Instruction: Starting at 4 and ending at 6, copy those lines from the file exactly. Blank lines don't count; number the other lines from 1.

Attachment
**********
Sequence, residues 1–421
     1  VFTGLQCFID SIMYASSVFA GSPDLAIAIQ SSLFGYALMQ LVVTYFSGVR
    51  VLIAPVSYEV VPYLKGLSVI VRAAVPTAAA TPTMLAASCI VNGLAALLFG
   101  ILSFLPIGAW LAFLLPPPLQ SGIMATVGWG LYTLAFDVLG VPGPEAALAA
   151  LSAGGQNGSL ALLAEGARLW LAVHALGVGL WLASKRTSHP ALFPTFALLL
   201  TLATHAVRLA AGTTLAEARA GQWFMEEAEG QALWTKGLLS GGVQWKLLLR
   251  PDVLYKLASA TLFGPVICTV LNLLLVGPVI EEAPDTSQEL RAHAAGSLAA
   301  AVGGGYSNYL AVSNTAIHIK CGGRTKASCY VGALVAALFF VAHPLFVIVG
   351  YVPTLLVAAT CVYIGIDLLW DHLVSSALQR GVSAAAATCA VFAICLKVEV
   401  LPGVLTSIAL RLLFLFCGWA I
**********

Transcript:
   101  ILSFLPIGAW LAFLLPPPLQ SGIMATVGWG LYTLAFDVLG VPGPEAALAA
   151  LSAGGQNGSL ALLAEGARLW LAVHALGVGL WLASKRTSHP ALFPTFALLL
   201  TLATHAVRLA AGTTLAEARA GQWFMEEAEG QALWTKGLLS GGVQWKLLLR